January 2009 | Commentary | Carriers Corner

The Benefits of Reducing Your Carrier Base

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You've heard the adage, "Focus on the journey, not the destination." In the transportation business, you must be relentlessly focused on both. This is where carrier relationships come into play.

Allocating individual shipments haphazardly across a large number of carriers limits both operational efficacy and economies of scale. Too many touch points in the supply chain increase the likelihood that key steps will be bypassed, resulting in a breakdown that could lead to lost shipments, customers, and profits.

Focus on building productive relationships with select providers who deliver sustainable competitive advantage in addition to delivering freight. While reducing your carrier base sounds like a daunting task, the rewards far outweigh the risks.

In addition to avoiding business disruptions by reducing the number of touch points in your supply chain, shrinking your carrier base can lead to significant cost savings. When using multiple niche providers, you lose operational efficiencies and dilute the value of your buying power. By working with one carrier, you concentrate your spending and obtain more economical pricing options. You also realize savings on the back end by reducing processing costs and paying fewer freight bills.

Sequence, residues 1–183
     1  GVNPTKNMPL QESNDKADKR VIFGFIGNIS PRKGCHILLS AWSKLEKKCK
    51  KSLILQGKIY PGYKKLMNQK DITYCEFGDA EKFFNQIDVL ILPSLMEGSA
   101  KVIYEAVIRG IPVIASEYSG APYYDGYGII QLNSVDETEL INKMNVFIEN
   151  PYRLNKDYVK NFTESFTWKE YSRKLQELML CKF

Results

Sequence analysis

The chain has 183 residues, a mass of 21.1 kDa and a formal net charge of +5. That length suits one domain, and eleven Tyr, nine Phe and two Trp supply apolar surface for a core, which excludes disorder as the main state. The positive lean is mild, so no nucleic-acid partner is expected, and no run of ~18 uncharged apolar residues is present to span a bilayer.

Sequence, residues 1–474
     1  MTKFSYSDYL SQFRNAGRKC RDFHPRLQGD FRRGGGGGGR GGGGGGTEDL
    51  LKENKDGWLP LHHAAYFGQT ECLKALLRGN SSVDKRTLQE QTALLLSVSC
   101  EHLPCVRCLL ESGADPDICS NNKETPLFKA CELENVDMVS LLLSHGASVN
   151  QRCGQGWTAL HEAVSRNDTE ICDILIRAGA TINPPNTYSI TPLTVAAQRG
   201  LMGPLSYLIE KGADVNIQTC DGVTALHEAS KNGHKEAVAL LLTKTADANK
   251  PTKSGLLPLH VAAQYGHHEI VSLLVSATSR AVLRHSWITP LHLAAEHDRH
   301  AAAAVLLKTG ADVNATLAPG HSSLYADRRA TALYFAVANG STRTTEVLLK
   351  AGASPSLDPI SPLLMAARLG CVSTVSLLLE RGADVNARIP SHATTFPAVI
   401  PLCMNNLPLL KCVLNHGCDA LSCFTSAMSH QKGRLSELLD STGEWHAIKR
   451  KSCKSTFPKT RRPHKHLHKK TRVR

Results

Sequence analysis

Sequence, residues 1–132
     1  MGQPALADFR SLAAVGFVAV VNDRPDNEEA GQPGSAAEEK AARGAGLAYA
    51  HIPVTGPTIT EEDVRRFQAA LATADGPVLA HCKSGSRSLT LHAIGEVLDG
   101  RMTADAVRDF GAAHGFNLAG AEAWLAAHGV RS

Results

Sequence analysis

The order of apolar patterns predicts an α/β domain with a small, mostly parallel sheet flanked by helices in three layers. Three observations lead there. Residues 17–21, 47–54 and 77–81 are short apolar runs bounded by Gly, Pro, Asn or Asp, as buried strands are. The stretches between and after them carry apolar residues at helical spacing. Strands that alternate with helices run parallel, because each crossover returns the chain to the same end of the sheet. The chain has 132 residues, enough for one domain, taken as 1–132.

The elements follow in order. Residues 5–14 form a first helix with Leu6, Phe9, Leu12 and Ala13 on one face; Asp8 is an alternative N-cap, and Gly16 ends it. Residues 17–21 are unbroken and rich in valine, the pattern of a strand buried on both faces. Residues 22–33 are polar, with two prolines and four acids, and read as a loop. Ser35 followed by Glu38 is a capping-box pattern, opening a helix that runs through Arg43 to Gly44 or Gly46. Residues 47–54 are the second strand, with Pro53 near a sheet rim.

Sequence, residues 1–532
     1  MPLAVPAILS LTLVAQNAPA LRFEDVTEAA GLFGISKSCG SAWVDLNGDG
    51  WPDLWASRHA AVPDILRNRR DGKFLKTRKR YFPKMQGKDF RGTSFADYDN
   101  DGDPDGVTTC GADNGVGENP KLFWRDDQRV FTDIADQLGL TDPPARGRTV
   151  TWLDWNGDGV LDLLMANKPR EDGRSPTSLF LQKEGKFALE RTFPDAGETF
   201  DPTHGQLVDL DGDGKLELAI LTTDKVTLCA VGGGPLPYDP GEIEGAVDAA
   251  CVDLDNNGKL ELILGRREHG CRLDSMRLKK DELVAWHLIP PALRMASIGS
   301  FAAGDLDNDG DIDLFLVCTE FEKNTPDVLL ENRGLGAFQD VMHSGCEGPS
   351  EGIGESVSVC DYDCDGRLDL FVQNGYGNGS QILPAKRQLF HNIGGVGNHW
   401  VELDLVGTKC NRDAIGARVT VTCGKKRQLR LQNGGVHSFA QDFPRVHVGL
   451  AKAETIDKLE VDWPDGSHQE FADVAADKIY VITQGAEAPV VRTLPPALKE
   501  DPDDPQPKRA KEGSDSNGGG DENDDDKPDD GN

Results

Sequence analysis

Supply chain visibility is another area where you can reap the rewards of a smaller carrier base. Technological advances provide the ability to "see" where your freight is at all times. This gives you the flexibility to make real-time business decisions, including communicating delays to customers and planning for contingencies. When multiple parties who aren't connected handle your goods, you can quickly lose visibility into your supply chain. Streamlining your carrier base enables you to answer customer inquiries about their shipments' status.

MAKING THE RIGHT CHOICE

As the critical link between you and your customers, carriers should be seamless partners in your business. They should understand your business needs and how those needs fluctuate. They should monitor their own performance and make changes proactively when needed. They should have flexibility to adapt to your customers' needs. Most importantly, they should help maximize your transportation investments.

Consider the following points when choosing core carriers:

  • Scope of network. Where does the carrier provide coverage, and how does this align with your existing business and growth strategies?
  • Breadth of portfolio. Are end-to-end solutions available, and to what degree does the carrier integrate disparate services?
  • Economies of scale. Does the provider's volume enable cost efficiencies? Can you realize true end-cost savings?
  • Commitment to service. Can the carrier demonstrably enhance your brand through high-quality service delivery?
  • Operations interface. How will command, control, and communication be exercised internally and externally?
  • Financial footing. Is the provider positioned for reliable continuous operation? Does it mitigate risk or add to it?

Market pressures are at play today that cannot be controlled. Transportation doesn't have to be one of them. By reducing your carrier base, you can develop lasting partnerships resulting in a seamless experience for you and your customers.

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